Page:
Review: Mekorama (Nintendo Switch)

Mekorama looked promising at first, with a clear-cut inspiration from Captain Toad: Treasure Tracker (a favorite of mine). But this mobile port, while by no means awful, hasn’t left the lasting impression I initially hoped for. I have some ideas about why.

Before discussing that, I’ll give a brief gameplay overview. You control a robot named B, through up to 100 diorama puzzles of varying difficulties. You rotate and zoom to guide him to the exit, although the process is not altogether intuitive with the Joy-Con controllers. A subpar camera doesn’t help things, either. I suggest playing in handheld mode, as the controls are less clunky. This mobile port is designed around the touch screen, and it shows. You don’t guide B directly; you merely tap where you want him to go.

Mekorama

Camera and control quirks aside, the puzzles themselves are fun for a bit. Mekorama is not a very deep experience, but there are hints if you get stuck, and it’s non-linear to an extent (within the same difficulty level only). I enjoyed it at the start, as did my wife, who also checked the game out.

The fun tapered off, though. The backgrounds are empty and lifeless. Thus, Mekorama comes up short in terms of charm and personality. The music tracks are mostly good (if similar-sounding), but some can be much too subdued. For a game that takes place on a “strange planet”, I want some aesthetic highlights. On the whole, this affair is a bit bland.

Mekorama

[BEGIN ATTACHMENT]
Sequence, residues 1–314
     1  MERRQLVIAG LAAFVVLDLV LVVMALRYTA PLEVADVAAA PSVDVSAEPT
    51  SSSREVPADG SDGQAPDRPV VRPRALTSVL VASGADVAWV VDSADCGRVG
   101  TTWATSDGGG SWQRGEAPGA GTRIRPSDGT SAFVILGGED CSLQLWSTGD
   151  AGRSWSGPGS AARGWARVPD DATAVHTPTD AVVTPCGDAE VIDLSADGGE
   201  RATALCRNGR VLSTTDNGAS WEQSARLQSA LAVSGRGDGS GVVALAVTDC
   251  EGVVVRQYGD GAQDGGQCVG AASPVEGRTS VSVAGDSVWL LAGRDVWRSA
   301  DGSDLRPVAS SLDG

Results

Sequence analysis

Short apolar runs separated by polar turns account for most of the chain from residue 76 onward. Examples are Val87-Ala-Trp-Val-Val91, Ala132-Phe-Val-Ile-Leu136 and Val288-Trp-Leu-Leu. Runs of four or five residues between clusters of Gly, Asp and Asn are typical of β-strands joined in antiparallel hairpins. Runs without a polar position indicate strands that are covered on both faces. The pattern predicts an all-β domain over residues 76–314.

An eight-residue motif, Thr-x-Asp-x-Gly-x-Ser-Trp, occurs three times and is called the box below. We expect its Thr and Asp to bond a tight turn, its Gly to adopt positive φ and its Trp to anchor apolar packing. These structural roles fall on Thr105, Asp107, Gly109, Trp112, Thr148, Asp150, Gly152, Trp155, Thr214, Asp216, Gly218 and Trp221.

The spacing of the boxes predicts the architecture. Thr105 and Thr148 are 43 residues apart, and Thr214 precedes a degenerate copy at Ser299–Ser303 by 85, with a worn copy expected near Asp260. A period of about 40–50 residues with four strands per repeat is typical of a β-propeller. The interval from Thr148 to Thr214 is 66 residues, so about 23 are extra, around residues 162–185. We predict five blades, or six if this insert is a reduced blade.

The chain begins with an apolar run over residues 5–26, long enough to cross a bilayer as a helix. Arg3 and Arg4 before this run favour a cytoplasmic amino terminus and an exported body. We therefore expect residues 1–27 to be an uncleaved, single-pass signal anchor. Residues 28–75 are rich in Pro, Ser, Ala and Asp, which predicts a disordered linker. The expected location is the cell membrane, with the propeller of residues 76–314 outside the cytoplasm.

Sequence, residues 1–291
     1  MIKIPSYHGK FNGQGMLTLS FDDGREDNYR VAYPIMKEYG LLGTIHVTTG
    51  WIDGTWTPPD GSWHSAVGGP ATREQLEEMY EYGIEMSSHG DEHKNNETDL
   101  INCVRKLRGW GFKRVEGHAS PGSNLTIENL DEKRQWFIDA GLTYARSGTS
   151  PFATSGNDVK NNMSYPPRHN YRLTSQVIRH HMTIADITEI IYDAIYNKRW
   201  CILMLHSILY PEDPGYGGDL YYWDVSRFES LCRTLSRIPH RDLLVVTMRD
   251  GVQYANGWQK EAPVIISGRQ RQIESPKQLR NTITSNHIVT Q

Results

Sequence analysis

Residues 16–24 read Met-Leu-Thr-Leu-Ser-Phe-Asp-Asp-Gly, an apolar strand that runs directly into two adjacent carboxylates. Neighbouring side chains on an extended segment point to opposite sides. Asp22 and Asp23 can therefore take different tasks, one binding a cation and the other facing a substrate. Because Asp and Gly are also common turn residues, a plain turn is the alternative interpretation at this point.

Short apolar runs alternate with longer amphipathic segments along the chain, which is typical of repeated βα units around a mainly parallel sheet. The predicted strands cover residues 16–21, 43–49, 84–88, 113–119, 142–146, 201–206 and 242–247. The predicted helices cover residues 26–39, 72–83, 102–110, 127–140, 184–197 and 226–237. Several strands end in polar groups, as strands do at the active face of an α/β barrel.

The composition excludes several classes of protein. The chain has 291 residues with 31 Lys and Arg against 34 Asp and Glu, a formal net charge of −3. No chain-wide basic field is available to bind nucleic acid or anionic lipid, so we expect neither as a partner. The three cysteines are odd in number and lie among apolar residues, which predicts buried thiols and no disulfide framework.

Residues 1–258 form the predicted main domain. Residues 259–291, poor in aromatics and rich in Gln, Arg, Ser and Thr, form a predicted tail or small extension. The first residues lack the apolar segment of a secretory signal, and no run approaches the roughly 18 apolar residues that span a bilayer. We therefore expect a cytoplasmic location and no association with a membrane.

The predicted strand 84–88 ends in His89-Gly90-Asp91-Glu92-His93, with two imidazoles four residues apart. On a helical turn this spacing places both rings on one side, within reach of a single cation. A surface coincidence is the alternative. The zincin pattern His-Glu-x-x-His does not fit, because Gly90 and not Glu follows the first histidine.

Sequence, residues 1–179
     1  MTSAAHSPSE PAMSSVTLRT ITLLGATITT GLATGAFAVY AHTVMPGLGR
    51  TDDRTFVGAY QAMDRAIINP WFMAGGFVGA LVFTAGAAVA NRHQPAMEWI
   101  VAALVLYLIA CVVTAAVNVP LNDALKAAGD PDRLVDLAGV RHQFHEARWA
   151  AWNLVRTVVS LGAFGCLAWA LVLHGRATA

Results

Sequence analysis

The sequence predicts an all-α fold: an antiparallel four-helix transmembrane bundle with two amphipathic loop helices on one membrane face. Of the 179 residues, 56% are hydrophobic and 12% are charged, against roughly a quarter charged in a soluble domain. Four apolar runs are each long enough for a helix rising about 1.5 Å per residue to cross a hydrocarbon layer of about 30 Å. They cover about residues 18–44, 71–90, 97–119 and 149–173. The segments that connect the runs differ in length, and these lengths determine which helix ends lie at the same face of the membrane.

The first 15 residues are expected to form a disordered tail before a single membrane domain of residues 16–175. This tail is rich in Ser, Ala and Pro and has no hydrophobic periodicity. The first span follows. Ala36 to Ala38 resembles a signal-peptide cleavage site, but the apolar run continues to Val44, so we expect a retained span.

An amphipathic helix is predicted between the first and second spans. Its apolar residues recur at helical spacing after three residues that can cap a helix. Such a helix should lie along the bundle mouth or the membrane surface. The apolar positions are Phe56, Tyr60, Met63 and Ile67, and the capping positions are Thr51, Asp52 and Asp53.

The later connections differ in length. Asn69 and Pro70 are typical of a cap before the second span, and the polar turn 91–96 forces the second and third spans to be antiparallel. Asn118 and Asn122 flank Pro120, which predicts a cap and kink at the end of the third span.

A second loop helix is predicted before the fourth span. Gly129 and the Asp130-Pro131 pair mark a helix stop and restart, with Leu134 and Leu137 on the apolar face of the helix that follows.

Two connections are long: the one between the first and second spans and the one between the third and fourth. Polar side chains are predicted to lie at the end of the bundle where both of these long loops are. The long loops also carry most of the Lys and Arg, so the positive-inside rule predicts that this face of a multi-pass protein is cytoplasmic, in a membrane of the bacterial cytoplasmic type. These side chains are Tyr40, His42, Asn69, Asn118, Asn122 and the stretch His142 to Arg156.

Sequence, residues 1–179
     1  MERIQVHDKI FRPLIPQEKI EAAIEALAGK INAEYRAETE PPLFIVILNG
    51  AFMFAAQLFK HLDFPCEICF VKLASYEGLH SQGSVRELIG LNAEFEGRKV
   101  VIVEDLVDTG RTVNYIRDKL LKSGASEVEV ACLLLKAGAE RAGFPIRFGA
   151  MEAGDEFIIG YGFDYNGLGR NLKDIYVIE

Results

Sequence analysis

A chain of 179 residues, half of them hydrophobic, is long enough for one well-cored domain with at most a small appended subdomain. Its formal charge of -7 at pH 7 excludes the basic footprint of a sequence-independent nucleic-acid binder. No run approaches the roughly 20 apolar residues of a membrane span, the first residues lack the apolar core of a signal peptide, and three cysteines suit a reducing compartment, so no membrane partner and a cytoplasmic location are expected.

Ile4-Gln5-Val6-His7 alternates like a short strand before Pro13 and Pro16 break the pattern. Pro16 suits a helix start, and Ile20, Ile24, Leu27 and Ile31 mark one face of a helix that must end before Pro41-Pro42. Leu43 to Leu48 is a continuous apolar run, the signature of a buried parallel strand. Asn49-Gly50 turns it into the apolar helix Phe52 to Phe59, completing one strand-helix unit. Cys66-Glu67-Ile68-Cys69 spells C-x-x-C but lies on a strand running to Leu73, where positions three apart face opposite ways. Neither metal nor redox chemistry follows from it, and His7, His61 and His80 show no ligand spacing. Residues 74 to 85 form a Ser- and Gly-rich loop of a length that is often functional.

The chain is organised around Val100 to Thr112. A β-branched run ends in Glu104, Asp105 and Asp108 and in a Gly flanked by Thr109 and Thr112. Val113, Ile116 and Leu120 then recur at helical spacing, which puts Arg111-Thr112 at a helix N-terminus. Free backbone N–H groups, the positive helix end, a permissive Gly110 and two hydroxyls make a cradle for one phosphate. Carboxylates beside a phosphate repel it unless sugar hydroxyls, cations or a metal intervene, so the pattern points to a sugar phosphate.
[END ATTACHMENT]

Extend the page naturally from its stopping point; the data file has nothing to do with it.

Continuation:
So eventually, the levels develop into more tedium. The larger ones can feel more padded as a result; apologies to B. My wife has not touched this game since her first play, which probably says something. I stuck with it longer for review but was surprised when my playtime showed only over two hours. It felt longer, which isn’t a good sign.

Mekorama

When you add in curious things (like not automatically resetting a level after you’ve failed) Mekorama winds up being a rather forgettable game. Not a bad game, just a forgettable one. Also, while it advertises that you can “Try your hand at creating your own levels with the level editor and see what other unimaginable designs are possible.” it feels like an afterthought. To be clear, this typically welcomed feature, is buried in the menu, and how do you share what you make?

Mekorama

In the end, this port turned out to be an average experience for me in most ways. I’d suggest checking out the free version first (on mobile with half the levels). Subsequently, you can decide if adding Mekorama to your Switch digital library is the right call. You should know after a dozen levels or so if this game is for you.

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Bender Bending Rodríguez
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